The term ‘nanny state’ is widely credited to Iain Macleod, a member of the British parliament who felt the government was unduly overprotective and shielded people from the consequences of their own actions. Macleod died in 1970, so he didn’t live to see his notional concept perfected by a succession of executives in faraway Ponte Vedra Beach, Florida.
The PGA Tour prides itself on its values and there is much to be proud of, like sportsmanship and charity. Yet the most enduring of its precepts isn’t one touted in public but rather practiced in private: secrecy. In his more than two decades as commissioner, Tim Finchem created—and his successor, Jay Monahan, has not dismantled—a culture grounded in confidentiality and coddling. Players assume the Tour will circle wagons to protect them from scrutiny or criticism, and there’s a parallel determination at headquarters to never disappoint in that respect, regardless of whether the issue is profanity overheard by a handful or bunker misadventures witnessed by many.
Veterans of the Ponte Vedra politburo will tell you this is the nature of member-led organizations, which is fair. The PGA Tour is government of the players, for the players (not for fans, it scarcely needs pointing out). But next week’s LIV Golf Invitational near London—the first in a series of sportswashing events funded by the Saudi Arabian regime—will reveal if that protectionist mentality is so ingrained that the Tour will inadvertently assist its would-be rival. There’s already evidence to support such a suspicion.
A couple dozen PGA Tour members sought the releases required to compete in the LIV Golf opener, which the Tour ultimately denied. The names of applicants were not made public, save those who acknowledged it themselves (Phil Mickelson, Lee Westwood) or were identified by Golfweek (Robert Garrigus). Two weeks ago, May 17, was the deadline for members to request waivers to play the first LIV event in the U.S., scheduled for July 1-3 in Portland, Oregon. That deadline came after it was clear that the Tour would deny permission for any LIV event and is gearing up for the inevitable litigation. So those who still applied to play in Portland are likely one (or more) of three things: hugely optimistic, highly obtuse or contractually obliged to the Saudis.
That list of names is of interest not just to fans but also to corporations who find themselves sponsoring potential stooges for sportswashing. There is no legitimate reason why the names ought to be confidential, yet the Tour has repeatedly declined to reveal who has applied for permission to consort with the Saudis, in either the U.K. or the U.S. This is the wagon-circling culture at work, even if it means protecting players whose actions could undermine the Tour itself. It’s a modus operandi that faces a stress test next week.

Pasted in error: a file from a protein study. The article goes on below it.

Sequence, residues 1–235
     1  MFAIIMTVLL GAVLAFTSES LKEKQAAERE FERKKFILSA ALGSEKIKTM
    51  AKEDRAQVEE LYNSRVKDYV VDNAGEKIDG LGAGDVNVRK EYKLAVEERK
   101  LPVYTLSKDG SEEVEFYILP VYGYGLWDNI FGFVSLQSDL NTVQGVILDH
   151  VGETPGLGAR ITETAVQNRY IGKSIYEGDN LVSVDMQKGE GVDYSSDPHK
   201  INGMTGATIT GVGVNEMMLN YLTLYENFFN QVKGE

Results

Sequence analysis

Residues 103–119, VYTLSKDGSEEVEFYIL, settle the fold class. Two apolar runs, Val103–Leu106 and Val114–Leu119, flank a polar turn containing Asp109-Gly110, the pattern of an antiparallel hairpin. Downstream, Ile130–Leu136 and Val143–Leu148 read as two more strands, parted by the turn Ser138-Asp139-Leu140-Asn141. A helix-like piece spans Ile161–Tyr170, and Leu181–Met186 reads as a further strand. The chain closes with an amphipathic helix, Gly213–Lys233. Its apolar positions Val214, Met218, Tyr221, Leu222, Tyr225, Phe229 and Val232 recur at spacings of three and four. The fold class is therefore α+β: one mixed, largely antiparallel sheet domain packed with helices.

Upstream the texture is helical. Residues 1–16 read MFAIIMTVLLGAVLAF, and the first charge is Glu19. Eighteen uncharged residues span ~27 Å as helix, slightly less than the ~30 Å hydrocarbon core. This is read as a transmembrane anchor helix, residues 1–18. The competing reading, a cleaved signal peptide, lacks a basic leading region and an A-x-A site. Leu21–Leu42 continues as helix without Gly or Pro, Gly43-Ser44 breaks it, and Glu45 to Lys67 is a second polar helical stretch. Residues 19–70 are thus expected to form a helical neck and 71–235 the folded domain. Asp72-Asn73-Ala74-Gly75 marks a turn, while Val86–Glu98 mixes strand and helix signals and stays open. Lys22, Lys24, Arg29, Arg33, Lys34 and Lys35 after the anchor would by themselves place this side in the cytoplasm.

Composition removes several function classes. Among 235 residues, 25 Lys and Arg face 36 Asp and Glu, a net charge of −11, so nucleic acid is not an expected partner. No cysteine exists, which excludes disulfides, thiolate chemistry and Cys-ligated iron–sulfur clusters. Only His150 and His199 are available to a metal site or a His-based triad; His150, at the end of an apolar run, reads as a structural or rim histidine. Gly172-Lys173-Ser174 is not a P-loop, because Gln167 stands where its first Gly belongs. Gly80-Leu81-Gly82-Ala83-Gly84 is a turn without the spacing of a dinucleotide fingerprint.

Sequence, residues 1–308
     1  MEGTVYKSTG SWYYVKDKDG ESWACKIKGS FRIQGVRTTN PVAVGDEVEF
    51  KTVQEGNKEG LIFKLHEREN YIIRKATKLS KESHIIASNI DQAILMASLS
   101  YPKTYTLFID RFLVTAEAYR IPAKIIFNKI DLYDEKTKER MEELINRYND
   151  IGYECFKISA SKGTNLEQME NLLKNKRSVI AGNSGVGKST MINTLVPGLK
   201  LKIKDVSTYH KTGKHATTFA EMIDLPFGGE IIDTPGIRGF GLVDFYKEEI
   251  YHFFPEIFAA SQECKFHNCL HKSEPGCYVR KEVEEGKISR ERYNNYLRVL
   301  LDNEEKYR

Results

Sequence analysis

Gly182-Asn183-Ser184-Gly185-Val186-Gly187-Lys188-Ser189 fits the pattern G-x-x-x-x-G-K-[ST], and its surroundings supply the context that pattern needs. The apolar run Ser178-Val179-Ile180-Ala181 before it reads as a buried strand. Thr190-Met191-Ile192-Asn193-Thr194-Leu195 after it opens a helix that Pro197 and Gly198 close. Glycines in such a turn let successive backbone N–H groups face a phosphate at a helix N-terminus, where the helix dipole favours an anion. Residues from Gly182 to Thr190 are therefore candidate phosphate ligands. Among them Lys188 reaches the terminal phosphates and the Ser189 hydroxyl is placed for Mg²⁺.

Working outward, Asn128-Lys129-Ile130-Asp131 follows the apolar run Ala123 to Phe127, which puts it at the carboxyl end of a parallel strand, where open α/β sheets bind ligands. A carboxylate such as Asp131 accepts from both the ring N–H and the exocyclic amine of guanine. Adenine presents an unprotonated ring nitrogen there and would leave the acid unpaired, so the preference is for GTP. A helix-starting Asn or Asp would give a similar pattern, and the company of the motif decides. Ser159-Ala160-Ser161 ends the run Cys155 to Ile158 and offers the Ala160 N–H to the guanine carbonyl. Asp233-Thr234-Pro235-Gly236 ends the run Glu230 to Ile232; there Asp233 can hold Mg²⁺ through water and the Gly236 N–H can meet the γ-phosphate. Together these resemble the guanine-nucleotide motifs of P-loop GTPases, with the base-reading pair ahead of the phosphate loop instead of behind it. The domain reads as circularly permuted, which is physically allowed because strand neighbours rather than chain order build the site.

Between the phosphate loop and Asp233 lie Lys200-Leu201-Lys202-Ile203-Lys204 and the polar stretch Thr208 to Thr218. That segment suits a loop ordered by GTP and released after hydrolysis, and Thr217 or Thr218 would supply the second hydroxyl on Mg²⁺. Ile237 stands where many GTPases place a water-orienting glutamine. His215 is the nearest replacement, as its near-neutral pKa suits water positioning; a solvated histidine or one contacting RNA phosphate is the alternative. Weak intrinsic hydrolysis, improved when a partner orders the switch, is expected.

There will be PGA Tour members who defy the denial of releases and play the LIV Invitational. Being named in a field list or even pitching up in London doesn’t place a member in breach of Tour regulations, but putting a tee in the ground June 9 will. And that’s when we learn if the Tour is hopelessly bound to its traditionally ponderous and covert manner of handling disciplinary proceedings.
An aggressive response by Monahan would mean not just the immediate suspensions of those players, but the public announcement of such. Doing so would signal decisive action—support for which exists among a wide swath of his membership—but also delegitimize the Saudi tournament before any inflated checks are handed out. Yet it would also represent a seismic strategic shift for an organization long accustomed to acting as the sole judge in camera, not as a prosecutor in public.
Hewing to the norm—not announcing sanctions and conducting its disciplinary proceedings at a leisurely pace in private—serves only those players who want to act as knowing (or witless) apparatchiks for the Kingdom without having to face the public consequences of doing so, from either golf fans or their corporate partners. There is no reason the PGA Tour should enable them.
Sports that aim to get a share of legalized gambling revenue are coming to understand that transparency is an expectation, not an option, particularly when it comes to disciplinary issues that have a direct impact on outcomes. It’s time the PGA Tour dispensed with its intrinsic furtiveness. Rory McIlroy said as much at the Players Championship in March. “I’ve always felt that a few of the bans or suspensions, I think that should be announced,” he said. “I think that should be more transparent.”
Monahan was informed of this comment shortly afterwards during his own press conference. “I would just say effective immediately, Rory McIlroy is suspended,” he replied with a laugh.
It was a joke then, but dismissing it as such next week could find Tour executives finding grim relevance in another term coined by a long-dead Englishman, William Shakespeare, who 500 years ago warned of the dangers of being hoist with one’s own petard.